Littlejohn v. Wright et al

Filing 7

REPORT AND RECOMMENDATION recommending 1 Complaint filed by Quintin Littlejohn be dismissed without prejudice. Objections to R&R due by 3/20/2006. Signed by Judge William M Catoe on 3/1/06. (ladd, )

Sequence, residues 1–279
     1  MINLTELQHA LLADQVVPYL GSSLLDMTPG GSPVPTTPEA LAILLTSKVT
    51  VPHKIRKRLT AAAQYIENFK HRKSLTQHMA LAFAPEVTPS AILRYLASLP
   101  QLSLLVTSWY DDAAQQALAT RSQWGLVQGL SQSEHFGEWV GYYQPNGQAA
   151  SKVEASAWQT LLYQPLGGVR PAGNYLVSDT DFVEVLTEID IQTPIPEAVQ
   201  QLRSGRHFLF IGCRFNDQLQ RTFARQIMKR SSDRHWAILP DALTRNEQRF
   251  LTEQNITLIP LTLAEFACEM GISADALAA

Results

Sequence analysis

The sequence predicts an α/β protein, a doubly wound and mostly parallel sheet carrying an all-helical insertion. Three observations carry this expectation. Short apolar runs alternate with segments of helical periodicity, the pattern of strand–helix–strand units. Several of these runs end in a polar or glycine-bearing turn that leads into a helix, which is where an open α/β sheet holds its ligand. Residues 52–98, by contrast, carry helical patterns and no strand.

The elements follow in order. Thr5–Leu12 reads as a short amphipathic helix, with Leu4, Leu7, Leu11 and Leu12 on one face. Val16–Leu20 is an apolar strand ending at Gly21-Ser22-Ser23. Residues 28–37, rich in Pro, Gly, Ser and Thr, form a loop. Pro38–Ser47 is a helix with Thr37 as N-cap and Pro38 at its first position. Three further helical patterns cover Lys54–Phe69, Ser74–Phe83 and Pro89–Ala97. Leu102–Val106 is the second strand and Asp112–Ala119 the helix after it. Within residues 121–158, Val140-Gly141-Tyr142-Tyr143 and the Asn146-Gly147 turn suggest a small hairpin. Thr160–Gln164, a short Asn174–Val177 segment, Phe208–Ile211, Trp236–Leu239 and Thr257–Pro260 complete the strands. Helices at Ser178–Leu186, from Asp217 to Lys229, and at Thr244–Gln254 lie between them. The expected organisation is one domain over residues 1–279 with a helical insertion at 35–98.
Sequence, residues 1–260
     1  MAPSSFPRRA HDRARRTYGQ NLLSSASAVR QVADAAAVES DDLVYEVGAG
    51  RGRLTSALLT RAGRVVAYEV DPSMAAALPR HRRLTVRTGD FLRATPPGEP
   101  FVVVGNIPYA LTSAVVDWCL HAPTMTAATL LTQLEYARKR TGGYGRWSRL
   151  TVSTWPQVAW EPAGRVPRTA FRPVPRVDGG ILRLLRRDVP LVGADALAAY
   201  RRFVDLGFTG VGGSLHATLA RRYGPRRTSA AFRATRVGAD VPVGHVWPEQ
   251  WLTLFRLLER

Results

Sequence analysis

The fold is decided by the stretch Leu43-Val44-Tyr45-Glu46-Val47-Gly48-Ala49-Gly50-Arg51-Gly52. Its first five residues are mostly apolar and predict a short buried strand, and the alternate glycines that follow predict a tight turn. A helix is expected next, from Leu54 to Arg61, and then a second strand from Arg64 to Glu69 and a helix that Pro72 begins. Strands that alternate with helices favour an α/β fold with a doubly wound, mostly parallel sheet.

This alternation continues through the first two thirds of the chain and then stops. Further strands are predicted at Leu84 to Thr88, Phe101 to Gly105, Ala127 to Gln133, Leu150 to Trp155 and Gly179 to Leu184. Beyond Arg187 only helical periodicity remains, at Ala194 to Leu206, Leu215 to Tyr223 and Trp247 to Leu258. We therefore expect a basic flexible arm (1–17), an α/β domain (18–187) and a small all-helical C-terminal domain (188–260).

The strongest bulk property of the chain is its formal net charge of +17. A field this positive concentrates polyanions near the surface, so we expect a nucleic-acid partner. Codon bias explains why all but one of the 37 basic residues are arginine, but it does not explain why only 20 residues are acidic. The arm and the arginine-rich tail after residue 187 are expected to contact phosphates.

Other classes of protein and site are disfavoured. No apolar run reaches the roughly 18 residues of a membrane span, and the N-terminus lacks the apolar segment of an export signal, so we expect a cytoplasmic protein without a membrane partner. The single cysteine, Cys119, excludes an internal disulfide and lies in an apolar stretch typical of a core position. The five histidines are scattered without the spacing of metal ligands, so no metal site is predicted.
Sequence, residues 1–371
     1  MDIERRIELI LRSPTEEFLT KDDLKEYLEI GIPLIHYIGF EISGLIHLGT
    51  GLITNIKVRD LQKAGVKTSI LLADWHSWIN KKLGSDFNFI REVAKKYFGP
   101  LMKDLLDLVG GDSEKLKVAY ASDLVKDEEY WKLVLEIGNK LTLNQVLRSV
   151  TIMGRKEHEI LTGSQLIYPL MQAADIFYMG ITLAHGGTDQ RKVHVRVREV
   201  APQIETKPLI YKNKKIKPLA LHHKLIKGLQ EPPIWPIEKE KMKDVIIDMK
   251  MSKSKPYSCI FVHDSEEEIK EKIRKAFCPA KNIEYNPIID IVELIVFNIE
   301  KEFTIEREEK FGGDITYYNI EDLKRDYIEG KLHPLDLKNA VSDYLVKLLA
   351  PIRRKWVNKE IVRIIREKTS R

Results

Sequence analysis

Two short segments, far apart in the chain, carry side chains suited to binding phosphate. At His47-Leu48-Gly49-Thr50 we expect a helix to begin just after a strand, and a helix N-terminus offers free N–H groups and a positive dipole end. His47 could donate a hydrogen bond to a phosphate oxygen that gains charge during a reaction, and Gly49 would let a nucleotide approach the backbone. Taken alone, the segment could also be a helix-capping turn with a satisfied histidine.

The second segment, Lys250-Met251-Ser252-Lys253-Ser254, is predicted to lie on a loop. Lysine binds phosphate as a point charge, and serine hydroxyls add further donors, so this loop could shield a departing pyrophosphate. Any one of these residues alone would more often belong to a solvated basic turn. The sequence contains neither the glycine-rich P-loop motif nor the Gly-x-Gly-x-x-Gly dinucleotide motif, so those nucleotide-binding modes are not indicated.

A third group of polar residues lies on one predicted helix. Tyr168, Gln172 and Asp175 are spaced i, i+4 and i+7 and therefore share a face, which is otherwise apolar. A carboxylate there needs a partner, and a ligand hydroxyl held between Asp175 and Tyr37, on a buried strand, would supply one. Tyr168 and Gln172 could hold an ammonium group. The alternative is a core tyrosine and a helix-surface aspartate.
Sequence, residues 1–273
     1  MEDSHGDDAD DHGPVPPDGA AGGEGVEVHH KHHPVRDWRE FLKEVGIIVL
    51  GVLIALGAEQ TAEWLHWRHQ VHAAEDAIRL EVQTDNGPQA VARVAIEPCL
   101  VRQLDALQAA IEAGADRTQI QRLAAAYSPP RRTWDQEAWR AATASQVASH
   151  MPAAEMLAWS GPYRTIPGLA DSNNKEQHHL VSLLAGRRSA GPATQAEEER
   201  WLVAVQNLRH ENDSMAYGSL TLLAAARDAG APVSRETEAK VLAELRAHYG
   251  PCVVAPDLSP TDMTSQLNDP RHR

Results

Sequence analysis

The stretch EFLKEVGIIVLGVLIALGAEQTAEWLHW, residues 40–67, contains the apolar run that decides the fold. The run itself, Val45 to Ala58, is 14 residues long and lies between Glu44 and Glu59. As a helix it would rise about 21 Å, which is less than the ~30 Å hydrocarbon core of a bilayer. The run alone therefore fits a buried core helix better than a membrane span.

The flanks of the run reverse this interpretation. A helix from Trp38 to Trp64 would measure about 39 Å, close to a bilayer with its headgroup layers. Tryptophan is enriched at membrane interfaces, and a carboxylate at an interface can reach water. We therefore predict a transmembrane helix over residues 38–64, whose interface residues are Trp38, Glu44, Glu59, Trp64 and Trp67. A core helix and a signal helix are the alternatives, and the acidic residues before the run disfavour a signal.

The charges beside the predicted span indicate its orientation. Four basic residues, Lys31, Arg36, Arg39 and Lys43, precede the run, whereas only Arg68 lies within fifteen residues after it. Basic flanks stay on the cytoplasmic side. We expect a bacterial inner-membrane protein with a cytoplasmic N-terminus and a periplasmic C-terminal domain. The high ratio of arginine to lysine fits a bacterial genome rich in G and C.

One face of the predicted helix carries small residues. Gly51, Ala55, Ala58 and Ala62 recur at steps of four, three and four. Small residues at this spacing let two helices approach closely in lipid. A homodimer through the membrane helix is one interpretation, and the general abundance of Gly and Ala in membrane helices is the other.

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Littlejohn v. Wright et al Doc. 7 7:06-cv-00596-RBH Date Filed 03/01/2006 Entry Number 7 Page 1 of 13 UNITED STATES DISTRICT COURT DISTRICT OF SOUTH CAROLINA Quintin M. Littlejohn, ) ) Plaintiff, ) ) vs. ) ) Robert Wright, aka Dick; ) ) Joyce Wright; and ) Comco, Inc., ) ) Defendants. ________________________________________ ) C/A No. 7:06-0596-RBH-WMC Report and Recommendation Background of this Case The pro se plaintiff is under an order of pre-filing review. See Graham v. Riddle, 554 F.2d 133, 134-135 & n. * (4th Cir. 1977).1 The plaintiff was confined in the South Carolina Department of Corrections until May of 2003. The plaintiff is now a resident of Gaffney, South Carolina. The order of pre-filing review was entered on July 10, 1998, by the Honorable G. Ross Anderson, Jr., United States District Judge, in Quintin Littlejohn v. William J. Clinton, President of the United States, Civil Action No. 6:98-1169-13AK. Judge Anderson's order authorizes the Clerk's Office to assign civil action numbers to the plaintiff's pleadings for docket control purposes. 1 1 7:06-cv-00596-RBH Date Filed 03/01/2006 Entry Number 7 Page 2 of 13 The plaintiff has brought suit against Robert "Dick" Wright and Joyce W right, who are, apparently, residents of Gaffney, South Carolina. It appears that these two individual defendants own or work for the third defendant, Comco, Inc. The plaintiff in the caption of the pleading indicates that the above-captioned case is brought under 42 U.S.C. § 1983 and under the Declaratory Judgment Act. The plaintiff alleges that defendant forced the plaintiff to operate his machinery with the door open in violation of safety rules on February 13, 2006. D i s c u s s io n Under established local procedure in this judicial district, a careful review has been made of the pro se pleading and the Form AO 240 (motion to proceed in forma pauperis) pursuant to the procedural provisions of 28 U.S.C. § 1915. The review has been conducted in light of the following precedents: Denton v. Hernandez, 504 U.S. 25, 118 L.Ed.2d 340, 112 S.Ct. 1728, 1992 U.S. LEXIS® 2689 (1992); Neitzke v. Williams, 490 U.S. 319, 324-325, 1989 U.S. LEXIS® 2231 (1989); Haines v. Kerner, 404 U.S. 519 (1972); Nasim v. Warden, Maryland House of Correction, 64 F.3d 951, 1995 2 7:06-cv-00596-RBH Date Filed 03/01/2006 Entry Number 7 Page 3 of 13 U.S.App. LEXIS® 26108 (4th Cir. 1995)(en banc), cert. denied, 516 U.S. 1177, 134 L.Ed.2d 219, 116 S.Ct. 1273, 1996 U.S. LEXIS® 1844 (1996); Todd v. Baskerville, 712 F.2d 70 (4th Cir. 1983); and Boyce v. Alizaduh, 595 F.2d 948 (4th Cir. 1979)(recognizing the district court's authority to conduct an initial screening of a pro se filing).2 This court is required to construe pro se complaints and petitions liberally. Pro se complaints and petitions are held to a less stringent standard than those drafted by attorneys, Gordon v. Leeke, 574 F.2d 1147, 1151 (4th Cir.), cert. denied, Leeke v. Gordon, 439 U.S. 970 (1978), and a federal district court is charged with liberally construing a complaint or petition filed by a pro se litigant to allow the development of a potentially meritorious case. See Hughes v. Rowe, 449 U.S. 5, 9-10 & n. 7 (1980)(per curiam); and Cruz v. Beto, 405 U.S. 319 (1972). When a federal court is evaluating a pro se complaint or petition, the plaintiff's or petitioner's allegations are assumed to be true. Fine v. City of New York, 529 F.2d 70, 74 (2nd Cir. 1975). Even under this less stringent standard, the complaint is subject to summary dismissal. The requirement Boyce has been held by some authorities to have been abrogated in part, on other grounds, by Neitzke v. Williams, 490 U.S. 319 (1989)(insofar as Neitzke establishes that a complaint that fails to state a claim, under Federal Rule of Civil Procedure 12(b)(6), does not by definition merit sua sponte dismissal under 28 U.S.C. § 1915(e)(2)(B)(i) [formerly 28 U.S.C. § 1915(d)], as "frivolous"). 3 2 7:06-cv-00596-RBH Date Filed 03/01/2006 Entry Number 7 Page 4 of 13 of liberal construction does not mean that the court can ignore a clear failure in the pleading to allege facts which set forth a claim currently cognizable in a federal district court. Weller v. Department of Social Services, 901 F.2d 387, 1990 U.S.App. LEXIS® 6120 (4th Cir. 1990). Generally, a case can be originally filed in a federal district court if there is diversity of citizenship under 28 U.S.C. § 1332 or there if there is so-called "federal question" jurisdiction under 28 U.S.C. § 1331. Federal courts are courts of limited jurisdiction, "constrained to exercise only the authority conferred by Article III of the Constitution and affirmatively granted by federal s t a t u te ." In re Bulldog Trucking, Inc., 147 F.3d 347, 352, 1998 U.S.App. LEXIS® 13210 (4th Cir. 1998). Since federal courts have limited subject matter jurisdiction, there is no presumption that the court has jurisdiction. Pinkley, Inc. v. City of Frederick, 191 F.3d 394, 399, 1999 U.S.App. LEXIS® 20859 (4th Cir. 1999), cert. denied, Pinkley, Inc. v. Servacek, 528 U.S. 1155, 2000 U.S. LEXIS® 1043 (2000)(citing Lehigh Mining & Mfg. Co. v. Kelly, 160 U.S. 337, 327 (1895)). Accordingly, a federal court is required, sua sponte, to determine if a valid basis for its jurisdiction exists, "and to dismiss the action if no such ground appears." Bulldog Trucking, supra, 147 F.3d at 352. 4 See also F. R. Civ. P. 12(h)(3) 7:06-cv-00596-RBH Date Filed 03/01/2006 Entry Number 7 Page 5 of 13 ("W henever it appears . . . that the court lacks jurisdiction of the subject matter, the court shall dismiss the action."). "[T]he facts providing the court jurisdiction must be affirmatively alleged in the complaint." Davis v. Pak, 856 F.2d 648, 650, 1988 U.S.App. LEXIS® 12311 (4th Cir. 1988)(citing McNutt v. General Motors Acceptance Corp., 298 U.S. 178 (1936)). To this end, Federal Rule of Civil Procedure 8(a)(1) requires that the complaint provide "a short plain statement of the grounds upon which the court's jurisdiction depends[.]" If, however, the complaint does not contain "an affirmative pleading of a jurisdictional basis, the federal court may find that it has jurisdiction if the facts supporting jurisdiction have been clearly pleaded." Pinkley, Inc., supra, 191 F.3d at 399 (citing 2 Moore's Federal Practice § 8.03[3] (3rd edition 1997)). Although the absence of subject matter jurisdiction may be raised at any time during the case, determining jurisdiction at the outset of the litigation is the most efficient procedure. Lovern v. Edwards, 190 F.3d 648, 654, 1999 U.S.App. LEXIS® 20860 (4th Cir. 1999). If the court, viewing the allegations in the light most favorable to the plaintiff, finds insufficient allegations in the pleadings, the court will lack subject matter jurisdiction. Id. 5 7:06-cv-00596-RBH Date Filed 03/01/2006 Entry Number 7 Page 6 of 13 The defendants are subject to summary dismissal because they have not acted under color of state law. In order to state a cause of action under 42 U.S.C. § 1983, a plaintiff must allege that: (1) the defendant(s) deprived him or her of a federal right, and (2) did so under color of state law. See Gomez v. Toledo, 446 U.S. 635, 640 (1980); and American Mfr. Mut. Ins. Co. v. Sullivan, 526 U.S. 40, 50-52, 1999 U.S. LEXIS® 1711 (1999). See also Hall v. Quillen, 631 F.2d 1154, 1155-1156 & nn. 2-3 (4th Cir. 1980), cert. denied, 454 U.S. 1141 (1982). The district court in Hall v. Quillen, supra, had disposed of the case against a physician and a court-appointed attorney on grounds of immunity. In affirming the district court's order, the Court of Appeals, however, indicated that lower courts should first determine whether state action o c c u r r ed : * * * But immunity as a defense only becomes a relevant issue in a case such as this if the court has already determined affirmatively that the action of the defendant represented state action. This is so because state action is an essential preliminary condition to § 1983 jurisdiction, and a failure to find state action disposes of such an action adversely to the plaintiff. * * * Hall v. Quillen, 631 F.2d at 1155 (citations omitted). See also Lugar v. Edmondson Oil Co., 457 U.S. 922, 936 (1982)("Careful adherence to the 6 7:06-cv-00596-RBH Date Filed 03/01/2006 Entry Number 7 Page 7 of 13 'state action' requirement . . . also avoids imposing on the State, its agencies or officials, responsibility for conduct for which they cannot fairly be blamed."). Although a private individual or corporation can act under color of state law, his, her, or its actions must occur where the private individual or corporation is a willful participant in joint action with the State or with an agent of the State. Dennis v. Sparks, 449 U.S. 24, 27-28 (1980). Purely private conduct, no matter how wrongful, injurious, fraudulent, or discriminatory, is not actionable under 42 U.S.C. § 1983 or under the Fourteenth Amendment. See Lugar v. Edmondson Oil Co., supra, 457 U.S. at 936; and Burton v. Wilmington Parking Authority, 365 U.S. 715, 721 ( 1 96 1 ). W hether a private individual's action or corporation's action rises to the level of state action necessarily depends on the relationship between the activity and the state. The inquiry involves "whether there is a sufficiently close nexus between the State and the challenged action . . . so that the action of the latter may be fairly treated as that of the State itself." Jackson v. Metropolitan Edison Co., 419 U.S. 345, 351 (1974). In Blum v. Yaretsky, 457 U.S. 991, 1004 (1982), the Supreme Court held that a state is 7 7:06-cv-00596-RBH Date Filed 03/01/2006 Entry Number 7 Page 8 of 13 responsible for private action only when it has exercised "coercive power" or has provided "significant encouragement" in the implementation of the action. It is also well settled that "a private person does not act under color of state law simply because he invokes state authority." Brummett v. Camble, 946 F.2d 1178, 1184 (5th Cir. 1991), cert. denied, Campbell v. Brummett, 504 U.S. 965 (1992).3 See also Auster Oil & Gas Co., Inc. v. Stream, 764 F.2d 381, 388 (5th Cir. 1985); American Mfr. Mut. Ins. Co. v. Sullivan, supra, 526 U.S. at 50-52 (held: private insurer did not act under color of state law, for purposes of 42 U.S.C. § 1983, when it terminated payment of workers compensation benefits pending review); and cf. Kreschollek v. Southern Stevedoring Co., 223 F.3d 202, 2000 U.S.App. LEXIS® 18189 (3rd Cir. 2000)(applying holding in Sullivan to suit alleging action under color of federal law: termination of LHWCA [Longshoremen and Harbor Workers' Compensation Act] benefits by insurance company did not involve "federal government" action). Hence, the forcing of the plaintiff, in an employment context, to operate machinery with the door open does not constitute action under color of state law. In this citation, there are variant spellings of the party known as Camble or C a m p b e l l. 8 3 7:06-cv-00596-RBH Date Filed 03/01/2006 Entry Number 7 Page 9 of 13 Any claims arising under South Carolina law would be cognizable in this court under the diversity statute, if that statute's requirements are satisfied. Cianbro Corporation v. Jeffcoat and Martin, 804 F. Supp. 784, 788-791, 1992 U.S.Dist. LEXIS® 21007 (D.S.C. 1992), affirmed, Cianbro Corporation v. Jeffcoat and Martin, 1993 U.S.App. LEXIS® 30,080 (4th Cir., November 22, 1993), 10 F.3d 806 [Table]. The diversity statute, 28 U.S.C. § 1332(a), requires complete diversity of parties and an amount in controversy in excess of seventy-five thousand dollars ($75,000.00): (a) The district courts shall have original jurisdiction of all civil actions where the matter in controversy exceeds the sum or value of $75,000, exclusive of interest and costs, and is b e tw e e n ) (1) citizens of different States[.] 28 U.S.C. § 1332. Complete diversity of parties in a case means that no party on one side may be a citizen of the same State as any party on the other side. See Owen Equipment & Erection Co. v. Kroger, 437 U.S. 365, 372-374 (1978). The plaintiff, defendant Robert "Dick" Wright, and defendant Joyce are, apparently, citizens of South Carolina. As result, complete diversity of parties is absent. See 28 U.S.C. 1332; and Strawbridge v. Curtiss, 7 U.S. (3 Cranch) 267 (1806). Hence, this federal 9 7:06-cv-00596-RBH Date Filed 03/01/2006 Entry Number 7 Page 10 of 13 court lacks subject matter jurisdiction over the above-captioned case. See Fed. R. Civ. P. 12(h)(3), which provides: "Whenever it appears by suggestion of the parties or otherwise that the court lacks jurisdiction of the subject matter, the court shall dismiss the action." Also, no relief is requested by the plaintiff in the complaint. In other words, the plaintiff has not disclosed what relief (if any) he is requesting. W hen a plaintiff has failed to ask for relief, a federal district court "is faced with the prospect of rendering an advisory opinion; federal courts may not render advisory opinions, however." Humphreys v. Renner, 1996 W ESTLAW ® 88804 (N.D.Cal., February 26, 1996), following FCC v. Pacifica Foundation, 438 U.S. 726, 735 (1978)("[F]ederal courts have never been empowered to issue advisory opinions."). See also Public Service Co. v. United States Environmental Protection Agency, 225 F.3d 1144, 1148 n. 4, 2000 U.S.App. LEXIS® 22180 (10th Cir. 2000)(company's failure to ask for relief constitutes a request for an advisory opinion, which is barred by Article III). Cf. Herb v. Pitcairn, 324 U.S. 117, 126 (1945)("We are not permitted to render an advisory opinion[.]");4 Neitzke v. Williams, supra, 490 U.S. at 322- Other portions of the decision in Herb v. Pitcairn have been superannuated b y later case law. See Michigan v. Long, 463 U.S. 1032 (1983). 10 2 7:06-cv-00596-RBH Date Filed 03/01/2006 Entry Number 7 Page 11 of 13 330 (held: although district courts should not blur the distinction between the standards applicable to a Rule 12(b)(6) dismissal for failure to state a claim upon which relief can be granted and a dismissal under 28 U.S.C. § 1915 because a claim is frivolous, a patently insubstantial complaint, petition, or pleading may be dismissed); and United States v. Burlington Northern Railroad Co., 200 F.3d 679, 699, 1999 U.S.App. LEXIS® 33143 (10th Cir. 1999)(refusing to respond to party's "request for guidance in future cases" because the request was "tantamount to a request for an advisory opinion"). R e c o m m e n d a tio n Accordingly, it is recommended that the District Court summarily dismiss the above-captioned case without prejudice and without issuance and service of process. See Denton v. Hernandez, supra; Neitzke v. W illiams, supra; Haines v. Kerner, supra; Brown v. Briscoe, 998 F.2d 201, 202-204 & n. * (4th Cir. 1993), replacing unpublished opinion originally tabled at 993 F.2d 1535 (4th Cir. 1993); Boyce v. Alizaduh, supra; Todd v. Baskerville, supra, 712 F.2d at 74; and 28 U.S.C. § 1915(e)(2)(B)[essentially a redesignation of "old" § 1915(d)]. See also In Re Prison Litigation Reform 11 7:06-cv-00596-RBH Date Filed 03/01/2006 Entry Number 7 Page 12 of 13 Act, 105 F.3d 1131, 1134, 1997 U.S.App. LEXIS® 1763 (6th Cir. 1997)(pleadings by non-prisoners should also be screened); and Fitzgerald v. First East Seventh Street Tenants Corp., 221 F.3d 362, 363-364, 2000 U.S.App. LEXIS® 18180 (2nd Cir. 2000)("District courts . . . are . . . capable of determining when an action is frivolous. Indeed, as courts of first instance, district courts are especially likely to be exposed to frivolous actions, and thus have an even greater need for inherent authority to dismiss such actions quickly in order to preserve scarce judicial resources."). The plaintiff's attention is directed to the Notice on the next page. March 1, 2006 Greenville, South Carolina s/William M. Catoe United States Magistrate Judge 12 7:06-cv-00596-RBH Date Filed 03/01/2006 Entry Number 7 Page 13 of 13 N o t ic e of Right to File Objections to M a g is t r a t e Judge's "Report and Recommendation" & T he Serious Consequences of a Failure to Do So The plaintiff is, hereby, notified that any objections to the attached Report and Recommendation (or Order and Recommendation) must be filed within ten (10) days of the date of service. 28 U.S.C. § 636 and Fed. R. Civ. P. 72(b). The time calculation of this ten-day period excludes weekends and holidays and provides for an additional three days for filing by mail. Fed. R. Civ. P. 6. A magistrate judge makes only a recommendation, and the authority to make a final determination in this case rests with the United States District Judge. See Mathews v. Weber, 423 U.S. 261, 270-271 (1976); and Estrada v. Witkowski, 816 F. Supp. 408, 410, 1993 U.S.Dist. LEXIS® 3411 (D.S.C. 1993). During the ten-day period for filing objections, but not thereafter, a party must file with the Clerk of Court specific, written objections to the Report and Recommendation, if he or she wishes the United States District Judge to consider any objections. Any written objections must specifically identify the portions of the Report a n d Recommendation to which objections are made and the basis for such objections. See Keeler v. Pea, 782 F. Supp. 42, 43-44, 1992 U.S.Dist. LEXIS® 8250 (D.S.C. 1992); and Oliverson v. West Valley City, 875 F. Supp. 1465, 1467, 1995 U.S.Dist. LEXIS® 776 (D.Utah 1995). Failure to file specific, written objections shall constitute a waiver of a party's right to further judicial review, including appellate review, if the recommendation is accepted by the United States District Judge. See United States v. Schronce, 727 F.2d 91, 94 & n. 4 (4th Cir.), cert. denied, Schronce v. United States, 467 U.S. 1208 (1984); and Wright v. Collins, 766 F.2d 841, 845-847 & nn. 1-3 (4th Cir. 1985). Moreover, if a party files specific objections to a portion of a magistrate judge's Report and Recommendation, but does not file specific objections to other portions of the Report and Recommendation, that party waives appellate review of the portions of the magistrate judge's Report and Recommendation to which he or she did not object. In other words, a party's failure to object to one issue in a magistrate judge's Report and Recommendation precludes that party from subsequently raising that issue on appeal, even if objections are filed on other issues. Howard v. Secretary of HHS, 932 F.2d 505, 508-509, 1991 U.S.App. LEXIS® 8487 (6th Cir. 1991). See also Praylow v. Martin, 761 F.2d 179, 180 n. 1 (4th Cir.)(party precluded from raising on appeal factual issue to which it did not object in the district court), cert. denied, 474 U.S. 1009 (1985). In Howard, supra, the Court stated that general, non-specific objections are not sufficient: A general objection to the entirety of the [magistrate judge's] report has the same effects as would a failure to object. The district court's attention is not focused on any specific issues for review, thereby making the initial reference to the [magistrate judge] useless. * * * This d u p l i c a t i o n of time and effort wastes judicial resources rather than saving them, and runs co ntrary to the purposes of the Magistrates Act. We would hardly countenance an appellant's b rief simply objecting to the district court's determination without explaining the source of the erro r. Accord Lockert v. Faulkner, 843 F.2d 1015, 1017-1019 (7th Cir. 1988), where the Court held that the appellant, who proceeded pro se in the district court, was barred from raising issues on appeal that he did not specifically raise in his objections to the district court: Just as a complaint stating only 'I complain' states no claim, an objection stating only "I object" preserves no issue for review. * * * A district judge should not have to guess what arguments an objecting party depends on when reviewing a [magistrate judge's] report. See also Branch v. Martin, 886 F.2d 1043, 1046, 1989 U.S.App. LEXIS® 15,084 (8th Cir. 1989)("no de novo review if objections are untimely or general"), which involved a pro se litigant; and Goney v. Clark, 749 F.2d 5, 6 n. 1 (3rd Cir. 1984)(per curiam)("plaintiff's objections lacked the specificity necessary to trigger de novo review"). This notice, h e r e b y, apprises the plaintiff of the consequences of a failure to file specific, written o b j e c tio n s . See Wright v. Collins, supra; and Small v. Secretary of HHS, 892 F.2d 15, 16, 1989 U.S.App. LEXIS® 19,302 (2nd Cir. 1989). Filing by mail pursuant to Fed. R. Civ. P. 5 may be accomplished by mailing objections addressed as follows: Larry W. Propes, Clerk United States District Court Post Office Box 10768 Greenville, South Carolina 29603 13